From an unattested verb *nikt, similar in meaning to the Lithuanian cognate (see below; compare also Latvian dialectal verb nikties (to annoy, to disturb)), formed with an extra -n (compare verb īgt, adjective īgns); *nikt is derived from Proto-Indo-European *nēik-, *nik- (to attack, to start quickly), from Proto-Indo-European *nei- (to be in motion, to be excited; to shine). Cognates include Lithuanian nìkti (to tackle, to get quickly (to work)), Russian проникнуть (proníknut', to penetrate).[1]


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nikns (def. niknais, comp. niknāks, sup. visniknākais; adv. nikni)

  1. (of animals) wild, furious, raging (having a propensity to attack)
    nikns gailis‎ ― wild, angry rooster
    nikns bullis‎ ― wild, raging bull
    nikni suņi klūp man virsū‎ ― wild dogs pounced on me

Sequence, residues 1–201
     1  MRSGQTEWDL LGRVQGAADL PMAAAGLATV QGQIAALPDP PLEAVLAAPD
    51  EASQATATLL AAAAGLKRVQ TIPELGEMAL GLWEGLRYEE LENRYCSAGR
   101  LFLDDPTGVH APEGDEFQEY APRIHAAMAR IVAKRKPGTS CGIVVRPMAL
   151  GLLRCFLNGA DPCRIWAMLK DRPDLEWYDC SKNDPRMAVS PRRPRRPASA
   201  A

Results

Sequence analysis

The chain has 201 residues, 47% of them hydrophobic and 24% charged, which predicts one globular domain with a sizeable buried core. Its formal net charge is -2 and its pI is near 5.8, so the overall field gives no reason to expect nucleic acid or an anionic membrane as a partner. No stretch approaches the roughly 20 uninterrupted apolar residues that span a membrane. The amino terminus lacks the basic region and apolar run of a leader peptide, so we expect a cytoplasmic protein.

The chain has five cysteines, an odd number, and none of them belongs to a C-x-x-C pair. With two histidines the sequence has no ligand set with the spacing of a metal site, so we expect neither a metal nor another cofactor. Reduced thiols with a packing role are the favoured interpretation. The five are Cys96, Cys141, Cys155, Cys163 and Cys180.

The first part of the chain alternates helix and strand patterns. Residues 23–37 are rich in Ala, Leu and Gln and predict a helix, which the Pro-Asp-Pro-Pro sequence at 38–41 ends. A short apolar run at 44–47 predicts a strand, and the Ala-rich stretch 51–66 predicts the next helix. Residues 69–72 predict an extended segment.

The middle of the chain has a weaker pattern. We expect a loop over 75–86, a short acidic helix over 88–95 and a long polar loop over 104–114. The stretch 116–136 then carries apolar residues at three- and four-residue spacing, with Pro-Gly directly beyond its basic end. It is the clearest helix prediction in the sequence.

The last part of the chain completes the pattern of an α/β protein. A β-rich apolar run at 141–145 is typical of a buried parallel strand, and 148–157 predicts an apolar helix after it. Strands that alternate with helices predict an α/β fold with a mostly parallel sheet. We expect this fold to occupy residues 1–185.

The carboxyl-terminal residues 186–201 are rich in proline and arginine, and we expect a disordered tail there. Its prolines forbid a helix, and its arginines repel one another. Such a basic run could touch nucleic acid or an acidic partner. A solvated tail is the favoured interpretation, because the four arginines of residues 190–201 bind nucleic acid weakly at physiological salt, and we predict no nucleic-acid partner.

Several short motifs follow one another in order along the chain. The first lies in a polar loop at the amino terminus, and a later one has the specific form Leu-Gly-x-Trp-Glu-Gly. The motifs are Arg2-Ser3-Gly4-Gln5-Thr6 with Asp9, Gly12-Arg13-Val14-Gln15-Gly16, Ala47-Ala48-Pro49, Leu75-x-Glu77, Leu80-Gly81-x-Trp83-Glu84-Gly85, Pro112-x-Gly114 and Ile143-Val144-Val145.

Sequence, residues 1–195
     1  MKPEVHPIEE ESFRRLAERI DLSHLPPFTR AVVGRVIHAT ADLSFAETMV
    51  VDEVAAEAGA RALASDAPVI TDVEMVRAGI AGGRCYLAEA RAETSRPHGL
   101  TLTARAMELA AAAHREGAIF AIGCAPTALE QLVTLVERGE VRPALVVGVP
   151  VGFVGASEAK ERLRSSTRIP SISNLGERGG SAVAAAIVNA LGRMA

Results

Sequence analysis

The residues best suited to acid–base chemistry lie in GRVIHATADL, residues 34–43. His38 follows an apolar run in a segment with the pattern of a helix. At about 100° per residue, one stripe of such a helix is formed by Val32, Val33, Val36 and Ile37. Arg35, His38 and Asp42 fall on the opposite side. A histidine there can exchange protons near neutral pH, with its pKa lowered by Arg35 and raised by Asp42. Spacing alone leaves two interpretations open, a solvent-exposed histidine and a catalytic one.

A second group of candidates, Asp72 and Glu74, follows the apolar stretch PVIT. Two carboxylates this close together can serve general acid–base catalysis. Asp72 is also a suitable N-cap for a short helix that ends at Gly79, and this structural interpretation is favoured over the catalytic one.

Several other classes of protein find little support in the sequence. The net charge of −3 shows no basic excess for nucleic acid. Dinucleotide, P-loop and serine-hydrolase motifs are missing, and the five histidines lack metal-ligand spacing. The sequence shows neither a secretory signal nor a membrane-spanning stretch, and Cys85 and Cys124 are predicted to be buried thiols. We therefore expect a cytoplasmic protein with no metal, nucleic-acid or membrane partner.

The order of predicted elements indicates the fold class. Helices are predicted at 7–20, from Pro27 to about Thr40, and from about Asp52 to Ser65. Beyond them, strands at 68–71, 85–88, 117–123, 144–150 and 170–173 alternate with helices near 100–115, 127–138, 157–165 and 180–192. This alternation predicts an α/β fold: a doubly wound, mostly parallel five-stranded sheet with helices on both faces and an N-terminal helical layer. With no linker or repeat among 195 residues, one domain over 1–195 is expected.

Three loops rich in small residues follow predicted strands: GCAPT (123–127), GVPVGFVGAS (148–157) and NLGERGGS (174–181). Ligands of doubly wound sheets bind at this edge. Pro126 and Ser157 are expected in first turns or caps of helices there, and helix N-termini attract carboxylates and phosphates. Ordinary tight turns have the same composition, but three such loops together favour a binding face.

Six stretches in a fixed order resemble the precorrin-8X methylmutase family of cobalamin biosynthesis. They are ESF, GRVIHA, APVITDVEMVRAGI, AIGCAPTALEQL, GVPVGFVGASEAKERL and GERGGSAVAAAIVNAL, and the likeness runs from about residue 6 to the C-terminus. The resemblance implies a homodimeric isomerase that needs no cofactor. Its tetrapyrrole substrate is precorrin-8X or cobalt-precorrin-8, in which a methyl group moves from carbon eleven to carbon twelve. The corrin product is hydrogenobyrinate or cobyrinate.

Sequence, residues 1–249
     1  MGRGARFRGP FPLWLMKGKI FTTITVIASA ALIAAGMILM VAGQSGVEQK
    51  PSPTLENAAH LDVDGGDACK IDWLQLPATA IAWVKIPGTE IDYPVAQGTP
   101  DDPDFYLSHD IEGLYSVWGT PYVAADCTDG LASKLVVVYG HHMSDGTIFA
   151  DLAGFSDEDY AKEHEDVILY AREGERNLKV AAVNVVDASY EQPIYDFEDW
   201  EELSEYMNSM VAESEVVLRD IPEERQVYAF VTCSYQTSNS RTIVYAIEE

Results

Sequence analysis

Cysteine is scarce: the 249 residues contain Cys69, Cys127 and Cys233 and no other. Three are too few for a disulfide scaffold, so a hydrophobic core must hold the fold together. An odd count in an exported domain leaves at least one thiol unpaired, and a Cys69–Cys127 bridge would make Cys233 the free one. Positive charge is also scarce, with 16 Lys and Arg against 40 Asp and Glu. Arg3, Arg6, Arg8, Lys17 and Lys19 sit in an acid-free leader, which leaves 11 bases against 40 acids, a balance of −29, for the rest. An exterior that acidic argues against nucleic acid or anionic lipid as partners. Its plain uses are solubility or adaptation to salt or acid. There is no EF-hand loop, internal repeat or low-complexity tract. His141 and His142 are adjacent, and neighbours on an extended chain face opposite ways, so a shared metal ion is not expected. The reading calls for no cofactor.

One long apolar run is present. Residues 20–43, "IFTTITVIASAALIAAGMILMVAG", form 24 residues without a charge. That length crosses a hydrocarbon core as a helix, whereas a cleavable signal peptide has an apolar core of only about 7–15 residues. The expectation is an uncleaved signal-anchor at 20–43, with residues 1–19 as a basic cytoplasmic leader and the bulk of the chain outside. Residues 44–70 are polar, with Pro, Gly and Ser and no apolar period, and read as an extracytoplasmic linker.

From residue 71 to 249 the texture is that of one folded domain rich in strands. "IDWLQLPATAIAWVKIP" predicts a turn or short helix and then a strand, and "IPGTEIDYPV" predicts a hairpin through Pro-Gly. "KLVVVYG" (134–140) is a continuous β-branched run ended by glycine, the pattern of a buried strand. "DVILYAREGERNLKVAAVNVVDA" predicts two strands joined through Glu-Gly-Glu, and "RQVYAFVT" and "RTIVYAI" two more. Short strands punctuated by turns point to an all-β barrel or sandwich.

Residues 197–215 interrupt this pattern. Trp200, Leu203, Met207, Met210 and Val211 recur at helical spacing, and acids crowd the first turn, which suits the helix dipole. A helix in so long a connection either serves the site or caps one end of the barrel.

2. angry, furious, harsh
    ko tu šodien tik nikns? — why are you so angry today?
    nikns sargs‎ ― angry guard, watch
    “tā!” Janko kļuva arvien niknāks‎ ― “that one!” Janko got angrier and angrier
    Rudmetu Vilis ir tik karsts un nikns... lai kur kāds runā, viņš tūdaļ pretī ar savu‎ ― Rudmetu Vilis is so hot and wild... whenever someone talks, he immediately (goes) against him with his (ideas)
  3. angry, furious, ferocious
    nikns lauvas rēciens‎ ― ferocious lion's roar
    niknas suņa rejas‎ ― angry dog barks
    nikna atbilde‎ ― angry answer
    nikns protests‎ ― angry, furious protest
    katrs vārds ir pilns niknas spītības‎ ― every word is full of angry spite
  4. (figuratively) angry, wild, raging (strong in its effects, dangerous, intense)
    nikna kauja‎ ― wild, raging battle
    nikna apšaude‎ ― furious gunfire
    nikna slimība‎ ― unrelenting disease
    nikns sals‎ ― raging, intense frost
    ārā plosās nikna novembra vētra‎ ― outside a furious november storm was raging



Derived termsEdit


  1. ^ Karulis, Konstantīns (1992), “nikns”, in Latviešu Etimoloģijas Vārdnīca (in Latvian), Rīga: AVOTS, ISBN 9984-700-12-7